(MEMPHIS, Tenn.) — Desmond Mills Jr., one of the five former Memphis police officers charged in connection with the death of Tyre Nichols, pleaded guilty Thursday to federal civil rights and conspiracy offenses, the Department of Justice said.

Mills, 33, had previously pleaded not guilty back in September after being indicted on federal civil rights, conspiracy and obstruction offenses.

During a change of plea hearing on Thursday, Mills pleaded guilty to two of the four counts in the indictment — excessive force and failing to intervene, as well as conspiring to cover up his use of unlawful force, according to the DOJ.

Nichols, 29, died on Jan. 10, three days after a violent confrontation with police following a traffic stop.

The federal indictment alleges that Mills — along with Tadarrius Bean, Demetrius Haley, Justin Smith and Emmitt Martin III — deprived Nichols of his constitutional rights during the confrontation.

Each of the defendants, according to the indictment, were involved in beating Nichols during the Jan. 7 traffic stop and none relayed information about their assault to the Memphis police dispatcher, their supervisor or the emergency medical technicians and paramedics who were coming to the scene.

The officers allegedly spoke at the scene about how they had struck Nichols, but they also did not relay that information to first responders or their supervisors even as his condition “deteriorated and he became unresponsive,” the indictment alleges.

As part of his plea agreement, Mills admitted to “repeatedly and unjustifiably striking Nichols with a baton and to failing to intervene in other officers’ use of force against Nichols,” the DOJ said in a press release.

He also admitted to not providing any medical aid to Nichols afterward, despite knowing he “had a serious medical need,” and not alerting police or EMTs that Nichols had been struck in the head and body, the DOJ stated.

He further admitted to making false statements and accounts about Nichols’ arrest and the use of force used on him to a supervisor and in a Memphis Police Department report, according to the DOJ.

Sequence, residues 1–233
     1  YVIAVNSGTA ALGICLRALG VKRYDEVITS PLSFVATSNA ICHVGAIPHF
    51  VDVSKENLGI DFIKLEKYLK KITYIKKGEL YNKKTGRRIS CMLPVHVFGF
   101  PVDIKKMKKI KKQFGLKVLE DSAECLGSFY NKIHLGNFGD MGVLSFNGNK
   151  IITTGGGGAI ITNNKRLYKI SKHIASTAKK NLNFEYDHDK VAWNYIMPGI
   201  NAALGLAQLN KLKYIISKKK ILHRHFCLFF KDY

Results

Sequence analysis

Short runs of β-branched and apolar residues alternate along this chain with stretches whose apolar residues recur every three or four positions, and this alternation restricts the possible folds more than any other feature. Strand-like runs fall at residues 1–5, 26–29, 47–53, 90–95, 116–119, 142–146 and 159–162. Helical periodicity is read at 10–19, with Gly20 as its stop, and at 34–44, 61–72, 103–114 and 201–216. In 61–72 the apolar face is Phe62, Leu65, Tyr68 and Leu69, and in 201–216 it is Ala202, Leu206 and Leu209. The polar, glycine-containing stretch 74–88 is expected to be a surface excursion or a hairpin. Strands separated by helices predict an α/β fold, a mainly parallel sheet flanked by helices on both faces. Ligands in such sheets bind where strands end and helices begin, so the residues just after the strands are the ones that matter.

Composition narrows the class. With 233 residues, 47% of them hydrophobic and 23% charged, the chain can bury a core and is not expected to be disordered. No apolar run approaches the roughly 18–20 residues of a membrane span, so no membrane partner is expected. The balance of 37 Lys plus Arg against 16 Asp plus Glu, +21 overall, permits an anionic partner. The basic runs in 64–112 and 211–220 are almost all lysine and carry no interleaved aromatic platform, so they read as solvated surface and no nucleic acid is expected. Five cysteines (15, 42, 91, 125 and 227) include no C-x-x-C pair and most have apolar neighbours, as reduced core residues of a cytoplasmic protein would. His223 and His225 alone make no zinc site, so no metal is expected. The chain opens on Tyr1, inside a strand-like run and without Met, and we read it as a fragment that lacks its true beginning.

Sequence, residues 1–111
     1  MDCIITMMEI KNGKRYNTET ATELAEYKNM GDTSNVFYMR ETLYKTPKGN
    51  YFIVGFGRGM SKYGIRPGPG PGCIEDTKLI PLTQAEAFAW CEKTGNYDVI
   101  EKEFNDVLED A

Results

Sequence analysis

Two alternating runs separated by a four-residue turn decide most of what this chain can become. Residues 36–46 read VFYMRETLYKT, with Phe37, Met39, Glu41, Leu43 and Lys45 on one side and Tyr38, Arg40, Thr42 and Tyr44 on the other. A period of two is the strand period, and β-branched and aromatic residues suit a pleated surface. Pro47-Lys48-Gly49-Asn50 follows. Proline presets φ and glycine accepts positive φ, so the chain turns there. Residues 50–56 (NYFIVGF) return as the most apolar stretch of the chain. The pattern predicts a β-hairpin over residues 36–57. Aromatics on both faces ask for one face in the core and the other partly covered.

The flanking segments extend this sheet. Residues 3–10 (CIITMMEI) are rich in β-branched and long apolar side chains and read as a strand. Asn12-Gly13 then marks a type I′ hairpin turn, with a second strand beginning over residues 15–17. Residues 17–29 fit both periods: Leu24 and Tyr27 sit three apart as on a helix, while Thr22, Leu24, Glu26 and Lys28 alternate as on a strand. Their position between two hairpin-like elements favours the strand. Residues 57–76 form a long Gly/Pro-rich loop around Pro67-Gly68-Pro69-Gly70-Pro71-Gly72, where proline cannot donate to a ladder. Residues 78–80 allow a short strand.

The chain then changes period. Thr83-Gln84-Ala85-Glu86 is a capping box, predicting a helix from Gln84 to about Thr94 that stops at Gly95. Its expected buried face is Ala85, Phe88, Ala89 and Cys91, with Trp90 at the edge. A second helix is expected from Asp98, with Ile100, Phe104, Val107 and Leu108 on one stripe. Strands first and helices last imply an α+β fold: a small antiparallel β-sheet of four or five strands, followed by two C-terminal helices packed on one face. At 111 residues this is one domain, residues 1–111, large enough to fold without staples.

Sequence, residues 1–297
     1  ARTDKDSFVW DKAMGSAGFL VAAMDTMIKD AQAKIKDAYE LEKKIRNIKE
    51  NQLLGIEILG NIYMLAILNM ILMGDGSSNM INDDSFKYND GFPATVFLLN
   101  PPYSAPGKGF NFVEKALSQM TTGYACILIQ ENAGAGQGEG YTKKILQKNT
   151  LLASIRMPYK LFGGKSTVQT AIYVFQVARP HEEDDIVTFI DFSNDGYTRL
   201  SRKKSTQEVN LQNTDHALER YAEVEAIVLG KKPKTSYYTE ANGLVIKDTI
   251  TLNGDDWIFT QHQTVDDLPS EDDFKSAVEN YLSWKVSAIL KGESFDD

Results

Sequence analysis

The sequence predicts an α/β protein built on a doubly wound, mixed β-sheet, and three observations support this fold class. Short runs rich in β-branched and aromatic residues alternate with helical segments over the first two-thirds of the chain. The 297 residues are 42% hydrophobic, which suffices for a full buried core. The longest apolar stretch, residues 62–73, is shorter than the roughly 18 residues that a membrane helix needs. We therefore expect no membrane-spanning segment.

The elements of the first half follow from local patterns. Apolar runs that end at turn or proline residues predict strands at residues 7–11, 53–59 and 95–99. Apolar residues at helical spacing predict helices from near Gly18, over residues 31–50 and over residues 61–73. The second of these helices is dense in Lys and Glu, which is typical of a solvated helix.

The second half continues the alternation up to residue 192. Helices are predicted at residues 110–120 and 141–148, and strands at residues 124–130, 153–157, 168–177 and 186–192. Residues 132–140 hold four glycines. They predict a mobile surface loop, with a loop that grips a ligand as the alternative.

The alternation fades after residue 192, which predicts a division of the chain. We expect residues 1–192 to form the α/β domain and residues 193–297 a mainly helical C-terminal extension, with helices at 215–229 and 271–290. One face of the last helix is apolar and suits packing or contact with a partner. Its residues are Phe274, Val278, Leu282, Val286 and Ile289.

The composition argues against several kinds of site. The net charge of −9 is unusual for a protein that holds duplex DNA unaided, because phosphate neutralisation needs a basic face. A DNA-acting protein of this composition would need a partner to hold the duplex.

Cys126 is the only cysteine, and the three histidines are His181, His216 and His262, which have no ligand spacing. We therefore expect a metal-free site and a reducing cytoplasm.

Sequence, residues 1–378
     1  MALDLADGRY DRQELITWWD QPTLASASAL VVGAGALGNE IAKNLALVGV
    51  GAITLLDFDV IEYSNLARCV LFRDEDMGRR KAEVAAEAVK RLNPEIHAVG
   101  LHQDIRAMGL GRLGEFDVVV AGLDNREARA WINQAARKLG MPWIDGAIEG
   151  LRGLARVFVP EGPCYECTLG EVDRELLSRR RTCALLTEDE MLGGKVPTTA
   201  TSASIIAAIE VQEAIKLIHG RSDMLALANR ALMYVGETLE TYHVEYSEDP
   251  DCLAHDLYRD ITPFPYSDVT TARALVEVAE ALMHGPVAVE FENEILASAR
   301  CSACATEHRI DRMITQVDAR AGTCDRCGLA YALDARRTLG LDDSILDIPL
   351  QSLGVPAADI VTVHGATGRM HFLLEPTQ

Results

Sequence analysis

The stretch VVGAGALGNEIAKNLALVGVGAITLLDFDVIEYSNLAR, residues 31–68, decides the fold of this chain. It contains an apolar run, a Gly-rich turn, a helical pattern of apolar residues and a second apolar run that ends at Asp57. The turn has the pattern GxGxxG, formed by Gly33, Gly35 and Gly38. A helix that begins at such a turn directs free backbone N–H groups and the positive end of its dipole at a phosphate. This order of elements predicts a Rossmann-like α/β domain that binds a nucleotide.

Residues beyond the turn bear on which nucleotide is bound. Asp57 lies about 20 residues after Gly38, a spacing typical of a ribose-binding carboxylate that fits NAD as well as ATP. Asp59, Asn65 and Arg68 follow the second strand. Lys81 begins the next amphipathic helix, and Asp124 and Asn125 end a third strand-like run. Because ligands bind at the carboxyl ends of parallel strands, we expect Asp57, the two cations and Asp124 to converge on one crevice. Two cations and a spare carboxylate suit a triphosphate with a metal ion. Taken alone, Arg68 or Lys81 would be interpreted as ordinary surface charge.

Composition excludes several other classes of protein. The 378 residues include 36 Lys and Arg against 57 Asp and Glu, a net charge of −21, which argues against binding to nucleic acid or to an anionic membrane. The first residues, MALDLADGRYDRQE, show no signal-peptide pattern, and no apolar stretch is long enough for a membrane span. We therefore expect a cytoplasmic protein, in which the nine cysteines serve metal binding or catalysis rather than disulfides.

The government said it will recommend a maximum penalty of 15 years in prison, based on the terms of Mills’ plea agreement.

“Desmond Mills’ plea today is entirely consistent with our allegations in the civil lawsuit against the City of Memphis,” attorneys Ben Crump and Antonio Romanucci, who are representing the family of Nichols, said in a statement Thursday. “We stand strong in our belief that these officers, including Mills, acted at the direction of a policy that not only violated civil rights of innocent civilians, but which caused needless pain to many.”

The other four defendants pleaded not guilty to the federal charges. They still face a federal trial scheduled for May 6, 2024, the DOJ said.

If convicted, two of the counts in the indictment carry a maximum penalty of life in prison, while the other two each each carry a maximum penalty of 20 years in prison, according to the DOJ.

All five former officers also face state felony charges, including second-degree murder, aggravated assault and aggravated kidnapping, in connection with Nichols’ death. They pleaded not guilty.

The Memphis Police Department fired the five officers — who were on the department’s now-disbanded SCORPION unit — following an investigation into Nichols’ death.

Correction: A version of this story from Wednesday was updated to say Desmond Mills’ lawyer has announced his client will change his plea, but he has not said what the change of plea will be.

 

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